A court closure announcement is usually guaranteed to raise the hackles of the local MP, who can take to their soapbox and plead for mercy on behalf of their constituents, whether they are law-abiding or otherwise.

In Cambridgeshire, for example, the case is pretty strong for granting a pardon to Cambridge Magistrates’ Court, which serves a population of 124,000 people in one of the fastest-growing cities in the UK. The building itself, opened only 10 years ago, has six courtrooms and is a 90-minute train ride (with one stop) from an alternative venue at Huntingdon.

Daniel Zeichner, Labour MP for Cambridge, says the closure plans have been met with ‘astonishment and universal opposition’. The outcry is cross-party, with neighbouring South Cambridgeshire MP Heidi Allen, a Conservative, saying: ‘I don’t believe enough impact analysis has been done for me to support the closure of Cambridge Magistrates’ Court’.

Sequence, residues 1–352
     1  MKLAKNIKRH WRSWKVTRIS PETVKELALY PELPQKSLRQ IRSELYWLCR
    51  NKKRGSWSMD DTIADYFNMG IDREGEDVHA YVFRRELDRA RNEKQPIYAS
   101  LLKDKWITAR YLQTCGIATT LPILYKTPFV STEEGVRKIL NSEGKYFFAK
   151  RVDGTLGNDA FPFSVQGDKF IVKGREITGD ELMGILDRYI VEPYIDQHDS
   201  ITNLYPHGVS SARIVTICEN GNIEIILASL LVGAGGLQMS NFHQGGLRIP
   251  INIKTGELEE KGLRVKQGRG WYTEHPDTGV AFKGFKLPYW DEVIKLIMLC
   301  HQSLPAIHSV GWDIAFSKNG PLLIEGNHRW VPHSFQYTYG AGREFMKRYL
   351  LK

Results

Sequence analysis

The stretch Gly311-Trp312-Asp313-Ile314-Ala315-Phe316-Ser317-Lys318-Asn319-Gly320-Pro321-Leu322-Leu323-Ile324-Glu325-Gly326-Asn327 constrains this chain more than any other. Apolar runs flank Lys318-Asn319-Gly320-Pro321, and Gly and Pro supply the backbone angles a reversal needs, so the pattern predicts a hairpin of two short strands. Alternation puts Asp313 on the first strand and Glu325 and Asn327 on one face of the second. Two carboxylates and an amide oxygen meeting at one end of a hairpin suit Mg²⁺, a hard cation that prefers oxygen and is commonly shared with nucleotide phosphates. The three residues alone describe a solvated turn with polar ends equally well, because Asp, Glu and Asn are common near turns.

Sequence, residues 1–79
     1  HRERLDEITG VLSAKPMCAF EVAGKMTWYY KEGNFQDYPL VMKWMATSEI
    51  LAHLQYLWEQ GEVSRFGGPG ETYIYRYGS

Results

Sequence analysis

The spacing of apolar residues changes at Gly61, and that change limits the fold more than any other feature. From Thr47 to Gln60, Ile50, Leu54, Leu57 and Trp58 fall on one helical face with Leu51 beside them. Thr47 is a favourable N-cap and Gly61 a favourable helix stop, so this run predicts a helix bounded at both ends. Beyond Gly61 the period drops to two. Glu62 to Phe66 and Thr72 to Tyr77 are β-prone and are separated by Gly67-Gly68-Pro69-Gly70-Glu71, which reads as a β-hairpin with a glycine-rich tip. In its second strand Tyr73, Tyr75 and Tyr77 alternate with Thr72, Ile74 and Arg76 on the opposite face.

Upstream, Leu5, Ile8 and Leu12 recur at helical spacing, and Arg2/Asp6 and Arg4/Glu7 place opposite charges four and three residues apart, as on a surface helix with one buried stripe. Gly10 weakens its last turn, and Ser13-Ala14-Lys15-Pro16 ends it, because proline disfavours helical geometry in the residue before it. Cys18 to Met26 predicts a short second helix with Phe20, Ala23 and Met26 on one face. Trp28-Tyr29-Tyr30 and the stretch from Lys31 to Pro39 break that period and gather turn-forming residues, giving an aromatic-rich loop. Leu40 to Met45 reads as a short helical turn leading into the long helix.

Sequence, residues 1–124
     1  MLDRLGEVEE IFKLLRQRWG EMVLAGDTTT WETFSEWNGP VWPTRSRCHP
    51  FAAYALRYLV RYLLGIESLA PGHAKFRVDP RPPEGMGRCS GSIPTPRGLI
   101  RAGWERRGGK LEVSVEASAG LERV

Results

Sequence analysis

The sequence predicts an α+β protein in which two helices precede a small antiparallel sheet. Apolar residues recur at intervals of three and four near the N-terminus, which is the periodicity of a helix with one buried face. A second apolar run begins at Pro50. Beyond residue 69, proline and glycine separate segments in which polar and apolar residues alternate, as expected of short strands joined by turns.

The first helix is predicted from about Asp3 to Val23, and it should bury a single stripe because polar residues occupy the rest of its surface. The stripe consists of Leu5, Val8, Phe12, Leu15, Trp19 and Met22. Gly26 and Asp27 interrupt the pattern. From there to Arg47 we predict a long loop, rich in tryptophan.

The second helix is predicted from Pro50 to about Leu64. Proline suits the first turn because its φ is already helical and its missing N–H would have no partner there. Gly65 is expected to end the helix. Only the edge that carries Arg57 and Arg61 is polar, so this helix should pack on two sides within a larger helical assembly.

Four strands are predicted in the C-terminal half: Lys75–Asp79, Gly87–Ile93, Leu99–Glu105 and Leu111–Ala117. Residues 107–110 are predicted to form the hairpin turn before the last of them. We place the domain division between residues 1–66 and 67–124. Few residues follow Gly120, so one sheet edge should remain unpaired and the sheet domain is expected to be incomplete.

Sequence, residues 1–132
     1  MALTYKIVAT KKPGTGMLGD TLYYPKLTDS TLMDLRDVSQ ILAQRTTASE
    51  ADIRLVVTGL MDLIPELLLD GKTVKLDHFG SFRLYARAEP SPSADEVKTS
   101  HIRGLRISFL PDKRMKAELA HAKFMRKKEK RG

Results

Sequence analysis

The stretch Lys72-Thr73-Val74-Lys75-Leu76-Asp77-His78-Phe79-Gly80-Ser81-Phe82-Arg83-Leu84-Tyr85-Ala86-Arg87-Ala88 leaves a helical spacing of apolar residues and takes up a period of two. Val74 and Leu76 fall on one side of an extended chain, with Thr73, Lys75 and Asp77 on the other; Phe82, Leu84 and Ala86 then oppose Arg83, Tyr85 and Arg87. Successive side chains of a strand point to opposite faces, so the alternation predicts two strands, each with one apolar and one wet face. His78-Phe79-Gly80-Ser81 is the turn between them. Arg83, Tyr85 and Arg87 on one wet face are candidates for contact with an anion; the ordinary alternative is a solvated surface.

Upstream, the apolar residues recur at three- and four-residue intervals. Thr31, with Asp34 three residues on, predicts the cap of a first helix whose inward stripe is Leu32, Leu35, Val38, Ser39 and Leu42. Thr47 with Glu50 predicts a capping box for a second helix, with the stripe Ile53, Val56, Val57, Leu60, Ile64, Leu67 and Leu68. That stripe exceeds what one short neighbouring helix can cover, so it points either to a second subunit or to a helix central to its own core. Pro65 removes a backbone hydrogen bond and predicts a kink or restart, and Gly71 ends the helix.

So what of the other MPs whose constituency is affected by the closure? Indeed, constituents of South East Cambridgeshire face the longest trek of all to alternative sites in the north of the county.

However, the representative in question happens to be justice minister Lucy Frazer, who actually announced the potential closure in January. Her Twitter feed and website makes no mention of the plans, and indeed Frazer has been required to defend the closure when pressed for an explanation in parliament.

Still, Frazer can always draw comfort from her boss if she feels conflicted by closing a court that her constituents would presumably like her to defend. Another of the buildings in the line of fire is Maidenhead Magistrates’ Court. The local MP? One Theresa May.